Here's what I personally have prioritized when I was in your situation:
1. I'm a big fan of moving everything I can to a server db regardless of how small the database is. There are many advantages to having a db on a server. Backups is a big one (especially point-in-time backups.) But it does mean investing "some" amount of time into learning how to use the server db. I would use SQL Server 2000 or 2005 (versus Express) just to avoid any problems you may have with limitations on SQL Server Express. It took me less than a few days to convert MSAccess tables into SQL Server, establish an ODBC connection, link them into the mdb, and get everything up and running when I first learned how (although establishing security on the server db probably took the longest.) I personally prefer SQL Server 2000 (which you could search and find) as you can get this rather cheaply. I found I could pickup learning SQL Server 2000 very quickly (again, within a few days) so the $ spent was beneficial for the licensing. It took me a lot longer to pickup MySQL and Oracle where MySQL may be free but I spent a fair amount of time learning it and dealing with problems. Also - I did have problems as well with MySQL and ODBC connections. And Oracle, well, I never really "got" how to use Oracle very well. Plus, the MSAccess upsizing wizard works superbly with SQL Server (it takes 1-2 minutes to convert mdb tables into SQL Server) so I'd personally try to stick with SQL Server versus MySQL or another backend. (I think I would have understood MySQL/Oracle better if I had a lot of unix experience.) If you've adapted fairly well to MSAccess 2003, you'll find SQL Server 2000 fairly easy to use. If you've adapted well to MSAccess 2007 or are new to the Server world, you may find SQL Server 2005 is a good choice. If you're not an MSAccess fan, you may have better luck with MySQL, Oracle, or another db server. But definately factor in the amount of time you're anticipating learning it (by trying out the demo versions) along with the cost of it.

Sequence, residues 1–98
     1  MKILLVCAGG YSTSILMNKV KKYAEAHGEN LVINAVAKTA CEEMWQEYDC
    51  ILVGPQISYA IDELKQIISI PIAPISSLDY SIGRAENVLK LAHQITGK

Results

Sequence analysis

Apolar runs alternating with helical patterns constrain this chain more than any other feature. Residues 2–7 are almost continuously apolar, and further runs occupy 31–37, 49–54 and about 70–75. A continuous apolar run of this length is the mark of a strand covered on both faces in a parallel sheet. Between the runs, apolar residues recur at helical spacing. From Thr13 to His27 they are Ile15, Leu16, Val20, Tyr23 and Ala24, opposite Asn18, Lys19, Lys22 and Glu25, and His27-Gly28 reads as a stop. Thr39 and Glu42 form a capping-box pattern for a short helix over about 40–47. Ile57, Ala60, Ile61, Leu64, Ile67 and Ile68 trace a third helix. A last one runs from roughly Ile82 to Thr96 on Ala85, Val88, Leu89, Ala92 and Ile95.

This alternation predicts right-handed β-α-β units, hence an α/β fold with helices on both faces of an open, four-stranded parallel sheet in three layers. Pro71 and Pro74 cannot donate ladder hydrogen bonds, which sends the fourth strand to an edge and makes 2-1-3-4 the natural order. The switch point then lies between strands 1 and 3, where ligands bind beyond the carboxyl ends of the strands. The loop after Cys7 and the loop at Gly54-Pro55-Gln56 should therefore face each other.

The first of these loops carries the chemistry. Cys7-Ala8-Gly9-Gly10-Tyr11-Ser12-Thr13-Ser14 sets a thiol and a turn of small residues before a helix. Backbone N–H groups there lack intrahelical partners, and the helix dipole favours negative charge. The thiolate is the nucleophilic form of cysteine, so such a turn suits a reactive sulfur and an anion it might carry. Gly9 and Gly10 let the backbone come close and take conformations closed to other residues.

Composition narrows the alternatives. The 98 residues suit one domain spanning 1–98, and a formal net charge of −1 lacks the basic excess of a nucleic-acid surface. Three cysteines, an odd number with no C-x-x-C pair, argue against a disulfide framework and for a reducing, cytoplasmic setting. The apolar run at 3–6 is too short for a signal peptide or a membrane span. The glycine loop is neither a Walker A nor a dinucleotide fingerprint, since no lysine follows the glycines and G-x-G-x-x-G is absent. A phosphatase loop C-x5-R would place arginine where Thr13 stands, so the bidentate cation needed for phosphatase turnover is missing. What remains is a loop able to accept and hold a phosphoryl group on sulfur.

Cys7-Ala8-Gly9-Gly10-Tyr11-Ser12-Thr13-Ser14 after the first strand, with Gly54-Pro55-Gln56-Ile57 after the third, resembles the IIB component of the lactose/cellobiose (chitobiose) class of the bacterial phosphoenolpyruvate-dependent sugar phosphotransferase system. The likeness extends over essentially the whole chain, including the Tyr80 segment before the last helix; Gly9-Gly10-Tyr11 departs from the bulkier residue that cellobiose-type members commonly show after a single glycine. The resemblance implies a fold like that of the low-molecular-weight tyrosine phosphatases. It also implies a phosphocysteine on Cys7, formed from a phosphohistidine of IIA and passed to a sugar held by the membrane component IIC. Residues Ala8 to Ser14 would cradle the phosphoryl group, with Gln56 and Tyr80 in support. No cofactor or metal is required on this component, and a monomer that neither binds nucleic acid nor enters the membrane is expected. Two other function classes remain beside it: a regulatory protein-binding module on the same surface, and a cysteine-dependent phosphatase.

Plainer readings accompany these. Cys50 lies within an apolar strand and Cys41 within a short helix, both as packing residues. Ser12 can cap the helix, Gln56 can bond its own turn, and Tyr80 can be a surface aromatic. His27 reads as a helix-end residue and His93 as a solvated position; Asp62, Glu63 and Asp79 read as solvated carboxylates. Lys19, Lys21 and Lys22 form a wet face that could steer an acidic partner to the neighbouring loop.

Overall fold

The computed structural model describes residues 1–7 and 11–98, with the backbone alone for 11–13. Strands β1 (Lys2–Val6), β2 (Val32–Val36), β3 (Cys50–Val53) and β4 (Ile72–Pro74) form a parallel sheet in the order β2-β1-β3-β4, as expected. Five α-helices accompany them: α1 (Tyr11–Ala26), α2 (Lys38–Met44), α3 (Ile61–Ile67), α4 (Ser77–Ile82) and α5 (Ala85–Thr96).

2. Since it sounds like your MSAccess app is fairly complex or could be, I'd worry about re-writing some of the queries to stored procedures/views (ie. server-side) at a later time (especially since these could be done at any point and done form by form.) At this point, I'd simply link the tables into the mdb as nothing would really need to be changed vba code-wise. And there's nothing wrong with using linked tables - they work very well. It's the table/relational design (and MSAccess form design) which can bring down a system to it's knees when accuring mass amounts of records. Designing a good structure (along with good form designs) in my opinion is essential or you're just designing work-around after work-around.